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Chronic migraine plus medication overuse headache: two entities or not?

Abstract

Chronic migraine (CM) represents migraine natural evolution from its episodic form. It is realized through a chronicization phase that may require months or years and varies from patient to patient. The transition to more frequent attacks pattern is influenced by lifestyle, life events, comorbid conditions and personal genetic terrain, and it often leads to acute drugs overuse. Medication overuse headache (MOH) may complicate every type of headache and all the drugs employed for headache treatment can cause MOH. The first step in the management of CM complicated by medication overuse must be the withdrawal of the overused drugs and a detoxification treatment. The goal is not only to detoxify the patient and stop the chronic headache but also to improve responsiveness to acute or prophylactic drugs. Different methods have been suggested: gradual or abrupt withdrawal; home treatment, hospitalization, or a day-hospital setting; re-prophylaxes performed immediately or at the end of the wash-out period. Up to now, only topiramate and local injection of onabotulinumtoxinA have shown efficacy as therapeutic agents for re-prophylaxis after detoxification in patients with CM with and without medication overuse. Although the two treatments showed similar efficacy, onabotulinumtoxinA is associated with a better adverse events profile. Recently, the Phase III Research Evaluating Migraine Prophylaxis Therapy (PREEMPT) clinical program proved that patients with CM, even those with MOH, are the ones most likely to benefit from onabotulinumtoxinA treatment. Furthermore, it provided an injection paradigm that can be used as a guide for a correct administration of onabotulinumtoxinA.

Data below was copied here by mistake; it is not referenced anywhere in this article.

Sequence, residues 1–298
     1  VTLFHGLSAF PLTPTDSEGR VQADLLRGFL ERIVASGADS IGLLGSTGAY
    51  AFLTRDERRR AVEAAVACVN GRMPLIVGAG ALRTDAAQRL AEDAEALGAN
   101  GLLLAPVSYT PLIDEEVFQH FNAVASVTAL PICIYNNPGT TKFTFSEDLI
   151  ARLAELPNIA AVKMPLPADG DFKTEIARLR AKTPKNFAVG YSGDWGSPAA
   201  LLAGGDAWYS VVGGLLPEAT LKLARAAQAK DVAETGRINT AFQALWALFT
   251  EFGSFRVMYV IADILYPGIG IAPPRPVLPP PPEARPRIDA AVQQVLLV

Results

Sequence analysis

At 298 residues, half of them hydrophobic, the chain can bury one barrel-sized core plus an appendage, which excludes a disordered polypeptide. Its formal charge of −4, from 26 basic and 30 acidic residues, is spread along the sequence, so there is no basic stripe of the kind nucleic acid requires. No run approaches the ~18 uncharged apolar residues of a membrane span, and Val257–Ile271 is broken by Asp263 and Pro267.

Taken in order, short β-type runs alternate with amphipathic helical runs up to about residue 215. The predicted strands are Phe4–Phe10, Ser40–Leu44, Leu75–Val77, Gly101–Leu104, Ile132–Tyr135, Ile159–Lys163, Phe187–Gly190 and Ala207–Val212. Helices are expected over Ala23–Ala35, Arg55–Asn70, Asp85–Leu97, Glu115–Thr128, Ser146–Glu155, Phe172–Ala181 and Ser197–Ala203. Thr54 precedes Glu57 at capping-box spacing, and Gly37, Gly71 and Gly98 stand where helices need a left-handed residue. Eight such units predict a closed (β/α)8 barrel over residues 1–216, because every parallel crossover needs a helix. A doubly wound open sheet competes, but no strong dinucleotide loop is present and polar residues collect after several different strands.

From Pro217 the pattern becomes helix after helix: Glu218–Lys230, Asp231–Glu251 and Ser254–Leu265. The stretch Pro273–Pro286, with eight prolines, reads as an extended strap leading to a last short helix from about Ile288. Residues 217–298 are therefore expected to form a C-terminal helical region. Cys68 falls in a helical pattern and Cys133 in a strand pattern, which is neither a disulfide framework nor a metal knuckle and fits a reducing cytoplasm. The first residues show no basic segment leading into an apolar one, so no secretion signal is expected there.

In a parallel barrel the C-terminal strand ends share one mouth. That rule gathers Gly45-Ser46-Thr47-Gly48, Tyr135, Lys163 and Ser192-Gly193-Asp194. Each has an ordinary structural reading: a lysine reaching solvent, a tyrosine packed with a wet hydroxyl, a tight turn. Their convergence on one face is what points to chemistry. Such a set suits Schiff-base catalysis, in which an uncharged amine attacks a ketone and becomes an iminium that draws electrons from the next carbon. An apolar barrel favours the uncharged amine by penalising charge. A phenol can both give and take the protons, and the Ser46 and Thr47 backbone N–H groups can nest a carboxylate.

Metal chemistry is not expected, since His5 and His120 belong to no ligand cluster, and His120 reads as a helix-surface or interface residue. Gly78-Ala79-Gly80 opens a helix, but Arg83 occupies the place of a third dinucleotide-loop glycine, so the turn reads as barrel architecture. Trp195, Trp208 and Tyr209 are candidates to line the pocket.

Introduction